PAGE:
LearnEpisode #32: Sass & LESS, the new CSS?


writes on August 26, 2011

This week we are joined by Greg who talks us through the basics of Sass, Compass and LESS and explains how how he uses them in his front end development projects.

Links from the Show

[audio:http://thinkvitaminradio.buzzsprout.com/237/30470-episode-32-sass-less-the-new-css.mp3|titles=Think Vitamin Radio: Episode #32|width=100%]

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13 Responses to “Episode #32: Sass & LESS, the new CSS?”

  1. The link to download the mp3 isn’t working for me

  2. Anonymous on September 2, 2011 at 12:08 pm said:

    Such an wonderful topic for me.I read this article and agree with this article.

  3. Great show Keir! Just sad we weren’t mentioned in the show 🙁 Would be awesome for you link out to The Sass Way (http://thesassway.com). We cover the latest in Sass and Compass and we’re releasing beginner, advanced and intermediate guides for those who want to lean more about Sass.

  4. Hcatlin on August 30, 2011 at 1:38 am said:

    It’s actually Sass not SASS. 😉 But, thanks for the interesting podcast!

  5.  Without more context it’s hard to say what’s going on, but I believe you’ve run into one of the short comings of tables.http://rippedmusclex.net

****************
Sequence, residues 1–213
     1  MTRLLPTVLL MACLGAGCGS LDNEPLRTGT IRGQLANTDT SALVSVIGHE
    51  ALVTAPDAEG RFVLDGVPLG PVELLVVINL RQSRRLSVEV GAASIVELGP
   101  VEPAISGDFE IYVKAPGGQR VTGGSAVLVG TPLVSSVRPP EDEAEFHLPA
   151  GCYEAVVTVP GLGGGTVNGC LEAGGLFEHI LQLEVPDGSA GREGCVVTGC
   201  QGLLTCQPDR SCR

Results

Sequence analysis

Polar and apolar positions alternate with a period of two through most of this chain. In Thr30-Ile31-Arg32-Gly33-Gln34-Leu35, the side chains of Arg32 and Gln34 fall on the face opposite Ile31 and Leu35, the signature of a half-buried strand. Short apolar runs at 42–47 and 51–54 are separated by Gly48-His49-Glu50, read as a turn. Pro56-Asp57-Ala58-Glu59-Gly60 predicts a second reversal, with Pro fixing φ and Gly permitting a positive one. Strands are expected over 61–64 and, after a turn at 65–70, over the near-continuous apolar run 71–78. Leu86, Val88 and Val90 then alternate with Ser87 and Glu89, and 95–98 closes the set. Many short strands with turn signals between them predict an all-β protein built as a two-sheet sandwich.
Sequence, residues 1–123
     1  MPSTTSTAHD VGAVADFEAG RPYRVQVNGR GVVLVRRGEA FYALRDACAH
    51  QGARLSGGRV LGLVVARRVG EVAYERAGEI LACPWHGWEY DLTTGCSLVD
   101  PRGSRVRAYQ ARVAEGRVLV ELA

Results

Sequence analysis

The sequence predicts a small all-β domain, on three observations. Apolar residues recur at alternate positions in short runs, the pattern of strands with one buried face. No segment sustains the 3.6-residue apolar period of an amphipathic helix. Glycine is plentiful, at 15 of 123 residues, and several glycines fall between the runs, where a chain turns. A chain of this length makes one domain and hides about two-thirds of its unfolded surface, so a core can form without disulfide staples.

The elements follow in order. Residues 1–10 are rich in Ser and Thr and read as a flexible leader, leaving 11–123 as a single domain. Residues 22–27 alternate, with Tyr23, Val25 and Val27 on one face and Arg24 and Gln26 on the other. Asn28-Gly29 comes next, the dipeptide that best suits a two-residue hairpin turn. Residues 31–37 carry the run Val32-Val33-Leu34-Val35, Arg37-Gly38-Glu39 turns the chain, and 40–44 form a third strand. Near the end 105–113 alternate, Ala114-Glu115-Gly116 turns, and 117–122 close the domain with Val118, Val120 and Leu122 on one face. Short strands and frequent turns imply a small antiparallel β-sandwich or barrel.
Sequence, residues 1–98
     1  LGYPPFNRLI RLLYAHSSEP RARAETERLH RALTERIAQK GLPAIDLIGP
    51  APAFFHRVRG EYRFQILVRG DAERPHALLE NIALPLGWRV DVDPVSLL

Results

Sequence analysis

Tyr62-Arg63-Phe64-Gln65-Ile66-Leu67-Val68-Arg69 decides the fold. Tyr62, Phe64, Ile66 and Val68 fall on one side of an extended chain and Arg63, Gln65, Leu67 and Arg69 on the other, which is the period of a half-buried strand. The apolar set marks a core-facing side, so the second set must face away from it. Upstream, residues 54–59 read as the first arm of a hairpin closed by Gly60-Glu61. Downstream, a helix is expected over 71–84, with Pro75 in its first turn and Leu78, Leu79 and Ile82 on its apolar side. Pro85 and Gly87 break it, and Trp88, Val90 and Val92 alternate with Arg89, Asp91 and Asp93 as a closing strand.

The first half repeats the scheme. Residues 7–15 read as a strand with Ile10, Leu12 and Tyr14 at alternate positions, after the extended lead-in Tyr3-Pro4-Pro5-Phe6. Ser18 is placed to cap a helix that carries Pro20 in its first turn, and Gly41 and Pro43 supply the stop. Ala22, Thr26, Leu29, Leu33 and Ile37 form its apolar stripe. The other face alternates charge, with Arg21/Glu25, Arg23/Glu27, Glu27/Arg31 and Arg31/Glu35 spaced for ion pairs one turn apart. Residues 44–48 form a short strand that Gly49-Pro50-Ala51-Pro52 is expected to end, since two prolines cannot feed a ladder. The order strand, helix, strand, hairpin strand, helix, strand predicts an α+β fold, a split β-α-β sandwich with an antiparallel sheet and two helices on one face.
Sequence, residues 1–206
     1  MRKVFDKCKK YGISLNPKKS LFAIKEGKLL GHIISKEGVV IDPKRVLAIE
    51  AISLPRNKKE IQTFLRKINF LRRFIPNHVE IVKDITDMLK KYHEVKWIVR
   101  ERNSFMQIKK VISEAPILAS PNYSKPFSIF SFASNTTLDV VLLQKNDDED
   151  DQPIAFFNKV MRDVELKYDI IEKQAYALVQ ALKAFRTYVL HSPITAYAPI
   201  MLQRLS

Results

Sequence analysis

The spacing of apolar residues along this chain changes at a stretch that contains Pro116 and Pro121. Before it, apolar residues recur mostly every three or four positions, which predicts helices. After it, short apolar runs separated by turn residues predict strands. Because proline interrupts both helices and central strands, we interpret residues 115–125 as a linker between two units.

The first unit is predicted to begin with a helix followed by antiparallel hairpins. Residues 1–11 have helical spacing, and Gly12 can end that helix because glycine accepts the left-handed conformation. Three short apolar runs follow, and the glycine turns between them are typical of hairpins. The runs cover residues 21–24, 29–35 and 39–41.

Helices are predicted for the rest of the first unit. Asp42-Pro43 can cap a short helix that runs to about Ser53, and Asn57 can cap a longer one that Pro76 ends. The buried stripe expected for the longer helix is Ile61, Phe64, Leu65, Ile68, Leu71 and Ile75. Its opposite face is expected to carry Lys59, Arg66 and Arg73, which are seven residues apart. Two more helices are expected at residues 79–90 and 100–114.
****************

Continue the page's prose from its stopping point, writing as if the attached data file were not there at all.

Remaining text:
6. You old folks with your LESS and SASS are so funny.

    Stylus CSS is the new black.

    • You must not have heard about StyLESS then 🙂

      I’m aware of Stylus (http://thechangelog.com/post/3036532096/stylus-expressive-robust-feature-rich-css-language), just not sure that one more version of pre-processing CSS is that needed. I’d prefer to see all these minds collaborate on the problem vs create some sort of competition between which project compiles to CSS the best. In the end, it’s really all about “the CSS authoring experience” not so much about the tool you use to do it. Though, I am a bit biased to lean towards doing it the Sass way.

      • It’s not so much “Which compiles to the best” as “Which best gets the job done?”  Less and Stylus have the same underlying toolkit of mixins, functions, and native tools, such as the color math kit.  I use Less professionally because that’s what the people I work for understand, but I use Stylus for the same reason I use Coffeescript and HAML– whitespace makes code readable, and enforced whitespace enforces readability.  Whitespace as semantics reduces errors and increases maintainability, and given that I am not perfect, I will use every tool I have to get things right the first time.

        • So, what’s your argument? Sass was first on the scene and has lead the way with the whitespace aware syntax in this CSS-pre-processing world.

          What’s your point? (said very nicely as to not lead folks to believe that I’m giving an attitude)

          In the end, there will be a line. On one side, the people that prefer a new syntax that’s foreign to CSS and on the other side those that prefer to stay closer to vanilla CSS. You can’t win them all. All we can do is grant support to both sides of the line and not make it an argument about syntax and semantics and instead argue over standards, progress and better CSS authoring tools.

          All (Sass, LESS and Stylus) are doing just that.

  7. I’m going to check out SASS. Thnx guys!

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